Referencing is an integral part of scholarly work. It puts the work of a researcher in context, demonstrates the breadth and depth of research, acknowledges other person’s work, and credits the writers from whom ether words or ideas are borrowed. By citing the work of a specific scholar, one acknowledges and respects the intellectual property rights of the researchers. It is a way of providing evidence to support the ascertains in one’s research work. They should be accurate, and proper. Angela Cochran the Vice President of Publishing at the American Society of Clinical Oncology, wrote a blog post about ‘Turning a critical eye on Reference Lists” at the scholarly kitchen. Here are the few issues she raised.
She argues that citations are the currency of scholarly communication, but not much editorial attention is paid to the reference lists. Many new automated tools have been developed to target references that could be problematic. There is a new automated reference editing and tagging tool from Inera called ‘Edifix’ that uses Cabells Predatory Reports to flag references in papers that come from a predatory journal. To stop a single journal article overstated with self-citations from escalating the problem of the h-index factory and to prevent the problematic journals ‘whose titles are indistinguishable from real journals’ to be identified more easily. Another tool ‘Scite’ can located retracted papers or publications with ‘expressions of concern’ using PubMed, CrossRef, and the Retraction Watch database, to flag a questionable reference.
Some of the recommendations that she gave include that the reviewers should look for superfluous self-citations and their inclusion should be justified by the author. The succeeding versions of the reviewed article should be analyzed from inappropriate references. The citations from the ‘predatory’ journals should be flagged. The full name of journals should be added as the reputed journal could get mixed with the predatory journal because of somewhat identical abbreviations of journal titles in the references. The issue of gratuitous self-citations should be dealt with as an ethical issue. Because COPE has no such guidelines to deal with this menace, so the journals can make their policies as an initiative to solve this problem. Journals that discover gratuitous and inappropriate self-citations after a paper is published should publish a correction noting that the identified references should not have been included as they are not relevant to the paper. Zero tolerance should be given to superfluous self-citations by journals and reviewers unless such citations are inevitable.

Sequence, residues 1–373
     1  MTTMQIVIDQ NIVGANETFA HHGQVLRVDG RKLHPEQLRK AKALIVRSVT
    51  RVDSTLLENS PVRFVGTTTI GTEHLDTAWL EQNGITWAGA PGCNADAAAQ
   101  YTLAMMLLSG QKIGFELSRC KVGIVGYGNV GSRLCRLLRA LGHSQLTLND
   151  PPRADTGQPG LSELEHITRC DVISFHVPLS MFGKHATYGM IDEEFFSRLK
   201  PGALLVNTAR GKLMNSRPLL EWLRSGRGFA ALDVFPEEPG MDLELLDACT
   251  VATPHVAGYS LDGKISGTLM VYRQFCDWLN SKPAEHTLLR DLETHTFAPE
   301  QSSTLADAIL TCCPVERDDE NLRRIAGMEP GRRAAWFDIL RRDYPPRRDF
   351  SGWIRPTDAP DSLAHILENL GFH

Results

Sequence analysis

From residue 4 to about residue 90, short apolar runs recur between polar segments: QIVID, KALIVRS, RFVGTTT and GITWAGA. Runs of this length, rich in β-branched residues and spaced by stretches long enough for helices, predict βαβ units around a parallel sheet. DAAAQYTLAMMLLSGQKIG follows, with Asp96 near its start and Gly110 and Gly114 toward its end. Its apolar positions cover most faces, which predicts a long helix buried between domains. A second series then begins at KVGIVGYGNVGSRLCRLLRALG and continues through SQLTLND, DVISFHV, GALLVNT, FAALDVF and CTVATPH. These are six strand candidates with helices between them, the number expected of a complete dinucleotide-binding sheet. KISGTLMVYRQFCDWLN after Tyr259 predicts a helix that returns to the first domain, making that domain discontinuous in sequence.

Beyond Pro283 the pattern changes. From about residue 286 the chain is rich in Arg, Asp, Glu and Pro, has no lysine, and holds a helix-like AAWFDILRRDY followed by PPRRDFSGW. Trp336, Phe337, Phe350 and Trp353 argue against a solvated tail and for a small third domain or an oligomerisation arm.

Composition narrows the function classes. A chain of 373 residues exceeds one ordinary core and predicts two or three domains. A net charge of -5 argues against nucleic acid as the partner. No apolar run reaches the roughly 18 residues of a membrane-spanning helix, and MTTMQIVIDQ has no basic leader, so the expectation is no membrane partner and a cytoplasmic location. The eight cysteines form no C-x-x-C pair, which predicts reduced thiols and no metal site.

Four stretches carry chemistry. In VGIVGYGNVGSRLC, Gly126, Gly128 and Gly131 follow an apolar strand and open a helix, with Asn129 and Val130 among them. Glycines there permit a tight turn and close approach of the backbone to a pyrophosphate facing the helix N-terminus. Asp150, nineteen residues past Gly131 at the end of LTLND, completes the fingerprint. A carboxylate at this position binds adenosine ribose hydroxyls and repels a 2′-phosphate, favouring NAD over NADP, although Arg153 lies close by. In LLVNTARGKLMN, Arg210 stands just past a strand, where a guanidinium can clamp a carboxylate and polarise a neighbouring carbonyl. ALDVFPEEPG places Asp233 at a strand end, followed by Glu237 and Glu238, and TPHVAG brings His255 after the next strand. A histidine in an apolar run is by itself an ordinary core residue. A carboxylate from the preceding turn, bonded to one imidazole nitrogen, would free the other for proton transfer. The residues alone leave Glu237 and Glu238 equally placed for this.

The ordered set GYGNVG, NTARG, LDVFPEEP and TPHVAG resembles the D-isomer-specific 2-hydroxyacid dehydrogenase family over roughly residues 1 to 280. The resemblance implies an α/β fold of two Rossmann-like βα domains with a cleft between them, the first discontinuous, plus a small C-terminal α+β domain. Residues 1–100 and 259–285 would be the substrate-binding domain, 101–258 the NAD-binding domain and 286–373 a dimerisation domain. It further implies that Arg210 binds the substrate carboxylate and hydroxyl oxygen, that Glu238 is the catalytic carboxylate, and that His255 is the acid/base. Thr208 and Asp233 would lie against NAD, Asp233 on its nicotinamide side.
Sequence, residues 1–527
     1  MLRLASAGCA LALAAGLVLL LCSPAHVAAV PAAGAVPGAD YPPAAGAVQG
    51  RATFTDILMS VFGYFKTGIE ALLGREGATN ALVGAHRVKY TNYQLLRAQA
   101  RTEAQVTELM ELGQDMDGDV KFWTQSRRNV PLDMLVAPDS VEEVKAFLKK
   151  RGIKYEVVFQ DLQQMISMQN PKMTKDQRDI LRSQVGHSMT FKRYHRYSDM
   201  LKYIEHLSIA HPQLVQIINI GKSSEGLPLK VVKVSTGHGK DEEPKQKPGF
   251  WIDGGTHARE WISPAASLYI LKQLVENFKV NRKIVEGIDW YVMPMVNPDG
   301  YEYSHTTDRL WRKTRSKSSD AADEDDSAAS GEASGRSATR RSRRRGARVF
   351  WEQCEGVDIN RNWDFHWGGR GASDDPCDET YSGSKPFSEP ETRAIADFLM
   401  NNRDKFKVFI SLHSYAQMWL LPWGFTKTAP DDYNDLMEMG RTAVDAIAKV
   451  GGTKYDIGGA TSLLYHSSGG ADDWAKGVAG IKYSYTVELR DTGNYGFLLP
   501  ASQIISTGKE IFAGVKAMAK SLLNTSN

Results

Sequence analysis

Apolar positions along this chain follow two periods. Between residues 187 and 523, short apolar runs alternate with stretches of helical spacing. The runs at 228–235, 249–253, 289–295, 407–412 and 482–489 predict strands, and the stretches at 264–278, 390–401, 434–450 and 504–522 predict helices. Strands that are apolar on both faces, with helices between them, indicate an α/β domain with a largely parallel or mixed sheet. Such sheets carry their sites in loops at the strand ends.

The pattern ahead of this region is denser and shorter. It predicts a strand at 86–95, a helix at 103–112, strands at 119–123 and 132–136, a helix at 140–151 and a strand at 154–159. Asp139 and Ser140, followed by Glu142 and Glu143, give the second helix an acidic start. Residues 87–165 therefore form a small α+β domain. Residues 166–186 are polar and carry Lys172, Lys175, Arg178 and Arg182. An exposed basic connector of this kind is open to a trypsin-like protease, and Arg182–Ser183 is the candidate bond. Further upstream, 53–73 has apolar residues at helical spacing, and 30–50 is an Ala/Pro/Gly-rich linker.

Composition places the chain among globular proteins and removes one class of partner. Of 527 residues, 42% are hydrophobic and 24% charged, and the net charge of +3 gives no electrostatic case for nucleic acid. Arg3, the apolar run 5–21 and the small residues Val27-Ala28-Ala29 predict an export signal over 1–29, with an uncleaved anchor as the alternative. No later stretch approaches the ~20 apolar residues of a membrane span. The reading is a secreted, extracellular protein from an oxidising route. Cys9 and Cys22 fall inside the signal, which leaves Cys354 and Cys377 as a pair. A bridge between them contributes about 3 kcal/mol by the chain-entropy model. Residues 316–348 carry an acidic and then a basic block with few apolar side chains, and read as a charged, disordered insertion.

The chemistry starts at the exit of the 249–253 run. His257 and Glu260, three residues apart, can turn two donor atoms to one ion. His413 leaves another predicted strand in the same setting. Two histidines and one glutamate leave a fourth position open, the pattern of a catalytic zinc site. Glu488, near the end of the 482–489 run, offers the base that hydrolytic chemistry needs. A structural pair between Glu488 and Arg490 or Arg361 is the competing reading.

In an attempt to call attention, the importance of citations, she suggested that we should support the Initiative for Open Citations, as this can have a valuable and decisive effect on funding and promotions.
Referencing, Self-citations, predatory journals, h-index, crossRef, Cabells predatory reports, Edifix, initiative for open citations, I40C